Tianguis, Pan-American Games and Miss Mexico Pageant

August 2, 2011

Puerto Vallarta and Riviera Nayarit are getting a shot in the arm of positive news and events that they certainly need.

Tianguis 2012 will be held at the Vallarta Convention center, an event that has always been held previously in Acapulco. Tianguis is the annual (and largest) travel fair and market for Mexican tourism. It brings in people from all over the place – nationally and internationally.

This came about because of strong cooperation between Riviera Nayarit and Puerto Vallarta to market the destination together as one. This is a great coup for the region, being the first place to hold the Tianguis since they decided to start moving it around the country. And great to see the two tourism offices coming together to make this happen. Hopefully its a sign of more compromise and working together on other projects down the line.

The Pan-American Games will also be taking place in the region, at least the water events such as sailing. This takes place this fall, primarily in Nuevo Vallarta. Good coverage should come out of this.

And the Miss Mexico pageant will be held in the region this September – that certainly should bring good coverage!

Very positive news regarding tourism for the region.

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Mexico’s positive Tourism Dept. changes

July 28, 2011

In a piece featured with CNN a few days ago, a number of positive measures are mentioned with regards to what Mexico is doing to help its ailing tourism industry.

  1. Mexico has begun allowing holders of U.S. visas to enter Mexico, opening up the possibility of tourists to the United States extending their trips south of the border.
  2. Brazilians, Russians and Ukrainian visitors can gain travel permission to Mexico on the Internet, with no need for a visa. (In 2011 to date, Mexico has seen a 40.9% increase in Brazilian tourists, a 58.1% increase from Russia and 32.8% increase from China, according to Mexico’s tourism ministry.)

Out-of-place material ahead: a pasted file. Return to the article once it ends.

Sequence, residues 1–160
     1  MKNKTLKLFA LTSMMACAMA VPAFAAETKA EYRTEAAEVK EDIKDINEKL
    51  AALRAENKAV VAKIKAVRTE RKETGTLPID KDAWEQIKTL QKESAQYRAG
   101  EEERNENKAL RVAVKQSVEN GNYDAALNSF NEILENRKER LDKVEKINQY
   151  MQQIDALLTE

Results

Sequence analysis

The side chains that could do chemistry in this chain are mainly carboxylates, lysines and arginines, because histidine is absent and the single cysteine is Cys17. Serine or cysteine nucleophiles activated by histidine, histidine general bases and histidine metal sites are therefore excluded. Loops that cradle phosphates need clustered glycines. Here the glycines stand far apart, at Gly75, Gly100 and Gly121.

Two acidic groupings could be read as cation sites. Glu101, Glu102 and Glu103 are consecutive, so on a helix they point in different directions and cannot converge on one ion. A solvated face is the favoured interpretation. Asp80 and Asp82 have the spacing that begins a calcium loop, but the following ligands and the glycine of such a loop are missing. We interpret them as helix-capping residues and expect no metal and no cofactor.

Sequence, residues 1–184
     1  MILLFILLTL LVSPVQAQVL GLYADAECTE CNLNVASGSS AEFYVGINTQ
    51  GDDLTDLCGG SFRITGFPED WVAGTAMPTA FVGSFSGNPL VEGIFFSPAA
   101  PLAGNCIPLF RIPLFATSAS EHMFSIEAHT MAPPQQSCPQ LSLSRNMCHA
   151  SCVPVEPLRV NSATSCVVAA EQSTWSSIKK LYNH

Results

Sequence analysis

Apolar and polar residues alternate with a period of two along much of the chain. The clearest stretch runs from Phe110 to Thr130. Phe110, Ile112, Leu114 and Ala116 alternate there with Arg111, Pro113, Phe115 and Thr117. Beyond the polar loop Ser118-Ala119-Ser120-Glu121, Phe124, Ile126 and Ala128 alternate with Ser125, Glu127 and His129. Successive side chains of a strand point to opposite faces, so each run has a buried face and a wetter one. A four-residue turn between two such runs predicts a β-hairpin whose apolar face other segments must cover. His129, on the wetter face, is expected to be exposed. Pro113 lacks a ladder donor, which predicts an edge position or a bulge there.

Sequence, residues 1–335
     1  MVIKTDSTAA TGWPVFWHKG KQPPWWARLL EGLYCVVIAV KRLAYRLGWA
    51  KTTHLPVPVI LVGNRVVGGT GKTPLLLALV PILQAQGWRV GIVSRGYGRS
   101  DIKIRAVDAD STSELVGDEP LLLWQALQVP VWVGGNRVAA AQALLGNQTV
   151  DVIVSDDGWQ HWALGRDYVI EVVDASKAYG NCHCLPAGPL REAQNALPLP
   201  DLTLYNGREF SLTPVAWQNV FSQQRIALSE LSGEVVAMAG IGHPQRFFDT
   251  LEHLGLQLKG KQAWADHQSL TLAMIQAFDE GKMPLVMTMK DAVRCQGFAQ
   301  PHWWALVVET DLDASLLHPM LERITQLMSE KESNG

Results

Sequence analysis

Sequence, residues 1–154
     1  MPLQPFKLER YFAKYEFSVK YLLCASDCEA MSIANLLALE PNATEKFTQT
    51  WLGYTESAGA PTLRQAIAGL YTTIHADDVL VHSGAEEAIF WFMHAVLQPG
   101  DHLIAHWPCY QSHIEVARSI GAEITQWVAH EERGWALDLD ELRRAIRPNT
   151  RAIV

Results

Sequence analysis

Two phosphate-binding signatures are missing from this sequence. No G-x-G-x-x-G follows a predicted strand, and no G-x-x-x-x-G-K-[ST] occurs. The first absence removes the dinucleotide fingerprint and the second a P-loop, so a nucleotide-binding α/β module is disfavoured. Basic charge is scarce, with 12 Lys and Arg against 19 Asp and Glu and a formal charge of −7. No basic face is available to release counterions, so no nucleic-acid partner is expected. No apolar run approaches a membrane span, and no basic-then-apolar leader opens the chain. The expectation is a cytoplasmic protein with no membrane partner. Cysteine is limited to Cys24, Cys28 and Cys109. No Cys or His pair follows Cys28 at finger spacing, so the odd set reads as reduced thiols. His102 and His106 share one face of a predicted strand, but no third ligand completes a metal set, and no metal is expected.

3. Finally, for travelers from other countries, visas to Mexico in many cases can be obtained through a travel agent, erasing the need for trips to embassies.

These are important changes that should make it easier for people to travel to Mexico. Point #1 is an excellent move, as it allows for people that are planning to visit the U.S. to now, with no additional paperwork, visit Mexico at the same time. And point #3, that visas can now be obtained through a travel agent and not have to visit an embassy, is also a great idea. But will it be enough?

Mexico has to look at other markets, especially over the next few years while the U.S. economy is on the road to recovery, and allow Americans time to really see the reports on violence in Mexico for what they really are: it’s taking place in very specific places, which in most cases are far from the popular tourist regions, and its being sensationalized. At some point Americans will begin to understand that millions of Americans visit Mexico every year without ever experiencing problems and actually have a very good time.

But until then, Mexico has to look elsewhere, just like U.S. investors are looking elsewhere, at emerging markets. The U.S. and Europe are going to be tied down with debt problems, both sovereign and public, along with high unemployment, for some time to come. Public debt and unemployment are going to make it hard for Americans to travel, while people in emerging markets are not experiencing similar issues. They are not plagued by high debt and unemployment. Investors are looking at foreign emerging markets for better returns, it looks like Mexico is as well for their tourist industry.

For U.S. travelers specifically, the Commerce Department’s most recent data — for 2009 — shows that 31.7% of all U.S. international tourists go to Mexico. From 2002 to 2009, while U.S. tourism to Canada fell by more than 27%, tourism to Mexico from the U.S. increased by 5.1%. This happened even though the overall number of Americans traveling abroad decreased, from a peak of 64 million in 2007 to 61.4 million in 2009.

These are impressive numbers, and coming from the U.S. department of commerce, not Mexico’s: 1 in 3 American international tourists in 2009 went to Mexico.

However, although these new markets may provide tourists, they most likely will not be providing people or families that may be interested in real estate. Mexico’s strongest target markets for real estate sales remains in the U.S. and Canada, where travel to somewhere warm is for most people, only 3-4 hours away. For the local real estate market to make a serious bounce back, it needs Americans buying second homes once again. With real estate values still falling in the U.S., it seems this is still a ways away. Although the local market seems to be holding its own, its a long ways from the boom years from 2003 to 2008.